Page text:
A former medic in the Nazis’ Auschwitz death camp is about to stand trial for being an accomplice to the death of 3,681 people. The 95-year-old German man is suffering from dementia.
A former medic in the Nazi SS will stand trial for the deaths of 3,681 people. A German court has confirmed that the 95-year-old man will go on trial next month on charges of 3,681 counts of accessory to murder. Prosecutors say Hubert Zafke, who was an SS medical orderly at Auschwitz, is being accused of being an active SS sergeant who helped the death camp function and eventually led to the death of almost 4,000 forced occupants under horrific conditions.
— Auschwitz Memorial (@AuschwitzMuseum) January 18, 2016
Interestingly, despite reports indicating Zafke suffers from dementia, an appeals court had overturned an earlier ruling that said the accused was not fit to stand trial. While setting the trial date for February 29, the Neubrandenburg state court did, however, note that the judges will have to assess whether he needs special accommodation. The appeals court merely acknowledged his “cognitive impairments and low physical capacity,” but has refused to drop the trial, reported Gawker.
While Zafke’s attorney maintains that the accused did not commit any crimes while he was stationed at Auschwitz, the prosecutors refute the claim and insist he was well aware of his duties and the ill-intentions of the Auschwitz camp.
“Zafke was aware of the purpose of the Birkenau camp as an extermination camp. Given his awareness, the accused lent support to the organization of the camp and was thereby both involved in and advanced the extermination. Given his awareness, the accused lent support to the organization of the camp and was thereby both involved in and advanced the extermination with these cruel and insidious killings of at least 3,681 people.”
Proceedings against Hubert Zafke will begin on February 29 in Neubrandenburg, near Berlin. He was examined by psychiatric doctors last year on the orders of a court in Rostock. According to the doctors, Zafke was “mentally sound enough to answer for his role in the murders of 3,681 people.”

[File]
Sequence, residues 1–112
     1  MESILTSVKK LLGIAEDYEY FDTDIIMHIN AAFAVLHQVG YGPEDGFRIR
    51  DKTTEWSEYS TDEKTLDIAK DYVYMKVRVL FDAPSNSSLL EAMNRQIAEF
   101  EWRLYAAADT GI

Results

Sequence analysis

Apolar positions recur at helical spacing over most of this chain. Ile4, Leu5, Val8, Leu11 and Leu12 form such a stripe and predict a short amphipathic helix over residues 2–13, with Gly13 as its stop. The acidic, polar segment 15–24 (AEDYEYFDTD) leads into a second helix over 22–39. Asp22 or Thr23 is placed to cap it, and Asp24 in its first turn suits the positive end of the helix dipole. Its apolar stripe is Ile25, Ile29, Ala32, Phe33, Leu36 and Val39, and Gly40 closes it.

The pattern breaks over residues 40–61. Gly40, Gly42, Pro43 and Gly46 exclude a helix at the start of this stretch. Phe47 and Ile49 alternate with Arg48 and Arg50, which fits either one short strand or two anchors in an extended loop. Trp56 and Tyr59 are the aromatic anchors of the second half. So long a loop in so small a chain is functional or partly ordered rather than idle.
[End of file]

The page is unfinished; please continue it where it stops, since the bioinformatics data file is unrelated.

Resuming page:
The accused served at the premier Nazi extermination facility in Nazi-occupied Poland as a medic, reported New York Daily News. He insists that he stayed away from the mass murders, mostly of Jews, that Hitler’s Nazi army committed. In Poland itself, the concentration camps and other brutal torture techniques, including invasions, killed as many as 1.2 million people, most of them innocent men, women, and children. Hitler zealously believed that the Aryan race, to which he belonged, was the only genetically superior race worthy of living, and any other race was chalked up for extermination.
The indictment states that the prisoners in the medical block at Auschwitz-Birkenau were murdered while Zafke was on active duty. The trial hinges on the argument that Zafke, despite being fully aware of his duties, as well as the fact that he worked in an extermination camp, was “supportive of the running of this extermination camp,” reported the Daily Mail.
Incidentally, Zafke was on active duty as a medic in the Auschwitz concentration camp when Anne Frank came in on a train from Holland’s Westerbork concentration camp. Frank arrived at the camp along with 498 men, 442 women, and 79 children. It is Frank’s accounts during her imprisonment in the camps which is widely considered as one of the most poignant pieces of holocaust literature.
The lawsuit claims that Zafke, who was the son of a farmer, joined the Hitler Youth when he was just a teenager. His recruitment happened in his hometown of Schoenau, which is now part of Poland. Incidentally, during his early days, Zafke was made a junior squad leader. The rank was usually reserved for men who were considered as future officer material.
The prosecutors insist that the medic isn’t being charged for any specific murder. He is being tried for being an accomplice to the murders of the 3,681 victims that took place at Auschwitz between August 14 and September 14, 1944.
[Photo by Birkenau Scott Barbour/Getty Images]